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NEWS ADMIN

Mahamad Rodzi Abdul Ghani

DATE

11/07/2001

NEWS PROVIDER

Mahamad Rodzi Abdul Ghani

NEWS SOURCE

NULL

CATEGORY

HEADLINE

As prices skyrocket, Brazil worried about sourcing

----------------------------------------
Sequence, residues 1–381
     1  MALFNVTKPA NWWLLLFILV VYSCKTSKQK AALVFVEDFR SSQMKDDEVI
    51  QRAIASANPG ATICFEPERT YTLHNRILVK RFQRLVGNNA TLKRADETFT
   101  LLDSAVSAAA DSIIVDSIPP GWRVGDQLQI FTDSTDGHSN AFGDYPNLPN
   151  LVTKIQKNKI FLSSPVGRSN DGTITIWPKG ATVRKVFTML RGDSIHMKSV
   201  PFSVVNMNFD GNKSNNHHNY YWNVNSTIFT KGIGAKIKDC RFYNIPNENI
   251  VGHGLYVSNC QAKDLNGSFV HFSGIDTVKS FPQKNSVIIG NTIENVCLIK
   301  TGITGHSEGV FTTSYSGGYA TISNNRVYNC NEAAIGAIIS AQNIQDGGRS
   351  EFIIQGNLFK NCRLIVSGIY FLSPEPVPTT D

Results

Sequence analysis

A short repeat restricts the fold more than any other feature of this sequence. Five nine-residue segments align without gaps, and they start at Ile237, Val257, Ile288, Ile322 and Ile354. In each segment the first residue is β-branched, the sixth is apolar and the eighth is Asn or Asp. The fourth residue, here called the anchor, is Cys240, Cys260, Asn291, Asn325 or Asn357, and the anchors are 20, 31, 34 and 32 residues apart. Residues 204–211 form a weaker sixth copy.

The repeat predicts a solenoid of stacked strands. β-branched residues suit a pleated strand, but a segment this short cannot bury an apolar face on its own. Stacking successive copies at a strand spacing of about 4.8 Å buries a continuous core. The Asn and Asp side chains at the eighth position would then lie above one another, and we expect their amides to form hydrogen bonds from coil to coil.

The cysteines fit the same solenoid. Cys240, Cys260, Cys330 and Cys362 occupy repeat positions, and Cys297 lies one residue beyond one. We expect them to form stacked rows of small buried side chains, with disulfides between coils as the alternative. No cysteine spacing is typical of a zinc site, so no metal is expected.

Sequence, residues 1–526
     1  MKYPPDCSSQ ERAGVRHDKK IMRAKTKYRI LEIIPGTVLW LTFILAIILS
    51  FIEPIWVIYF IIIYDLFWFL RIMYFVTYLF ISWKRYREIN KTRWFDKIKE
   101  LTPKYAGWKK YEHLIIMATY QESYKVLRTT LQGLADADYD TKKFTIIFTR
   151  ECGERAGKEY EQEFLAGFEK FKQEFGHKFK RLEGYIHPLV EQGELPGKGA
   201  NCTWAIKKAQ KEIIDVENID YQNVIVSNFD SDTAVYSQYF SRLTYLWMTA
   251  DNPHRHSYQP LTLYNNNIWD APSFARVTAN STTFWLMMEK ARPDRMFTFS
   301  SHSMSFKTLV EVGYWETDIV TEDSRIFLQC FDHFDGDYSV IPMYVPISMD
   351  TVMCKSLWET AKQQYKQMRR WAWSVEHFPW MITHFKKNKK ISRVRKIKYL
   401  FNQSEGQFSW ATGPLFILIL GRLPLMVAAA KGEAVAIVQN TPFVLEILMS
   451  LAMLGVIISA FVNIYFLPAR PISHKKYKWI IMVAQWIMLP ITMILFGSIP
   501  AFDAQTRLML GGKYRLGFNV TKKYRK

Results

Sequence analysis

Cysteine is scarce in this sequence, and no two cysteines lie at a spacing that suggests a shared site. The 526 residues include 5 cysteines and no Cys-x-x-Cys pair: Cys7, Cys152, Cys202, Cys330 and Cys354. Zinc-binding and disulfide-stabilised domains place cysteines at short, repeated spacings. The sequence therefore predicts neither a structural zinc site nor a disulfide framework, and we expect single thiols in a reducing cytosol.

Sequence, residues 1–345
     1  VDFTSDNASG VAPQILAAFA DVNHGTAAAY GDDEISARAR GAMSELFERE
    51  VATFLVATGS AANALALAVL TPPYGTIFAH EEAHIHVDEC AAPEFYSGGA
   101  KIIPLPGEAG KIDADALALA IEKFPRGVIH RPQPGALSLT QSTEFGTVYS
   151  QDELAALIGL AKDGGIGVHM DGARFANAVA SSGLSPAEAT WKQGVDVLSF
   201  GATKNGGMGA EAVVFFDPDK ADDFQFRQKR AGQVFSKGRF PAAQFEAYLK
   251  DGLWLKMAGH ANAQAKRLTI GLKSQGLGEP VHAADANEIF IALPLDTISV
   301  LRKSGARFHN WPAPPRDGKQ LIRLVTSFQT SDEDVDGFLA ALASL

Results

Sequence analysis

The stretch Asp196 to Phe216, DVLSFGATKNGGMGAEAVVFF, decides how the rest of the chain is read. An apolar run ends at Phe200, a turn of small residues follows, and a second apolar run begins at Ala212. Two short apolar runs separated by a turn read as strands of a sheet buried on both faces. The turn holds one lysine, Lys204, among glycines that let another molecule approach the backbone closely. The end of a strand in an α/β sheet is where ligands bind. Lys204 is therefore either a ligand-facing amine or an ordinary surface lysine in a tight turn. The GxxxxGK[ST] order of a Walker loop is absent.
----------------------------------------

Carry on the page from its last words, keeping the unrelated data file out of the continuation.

As prices skyrocket, Brazil worried about sourcing non-GM soyBrazil,7/9/2001- Retailers' GM free policies could prove unsustainable assources of non-GM soya dry up and prices rocket, according to reports fromBrazil, a leading source of GM-free soya.Brazil's State Seed Producers and Dealers Association (Apassal) says thatthe country is being flooded with unregistered GM seed from Argentina,where 93% of production is genetically modified. Apassal estimatesplanting of GM grain will reach 45% of soy production in the country thisyear.An NFU spokesman said members were becoming increasingly concerned aboutthe sustainability of the multiples' anti-GM project. He said: "More andmore people are chasing a small quantity of product."Tesco, Asda and Sainsbury have been exploring alternative sources ofnon-GM soy from India, where the soy growers' association is keen to cashin on the growing demand by charging heavy premiums, he added."There are doubts about the cost effectiveness, but they're making a playfor the market. A big trade delegation came over last month."Monsanto communications director Tony Combes said: "It is becoming moreand more unsustainable to source GM free seed and there are heavy premiumson identity preserved seed from the US."The latest report from the US National Centre for Food and AgriculturalPolicy revealed 63% of the US soybean crop planted this year wasgenetically modified.Cargill seed director Martin Douglas said he was aware of illegal plantingin the south of Brazil but remained confident adequate quantities ofidentity preserved GM free product were available from the north for "atleast 12 months if not for some years to come. Certainly there is still apremium on non-GM soya relative to GM, but that premium has actuallydecreased over the last three to four months."Sainsbury said its suppliers were exploring alternative sources to Brazilalthough it was confident its traceability and verification procedureswould ensure no rogue soya would reach shelves.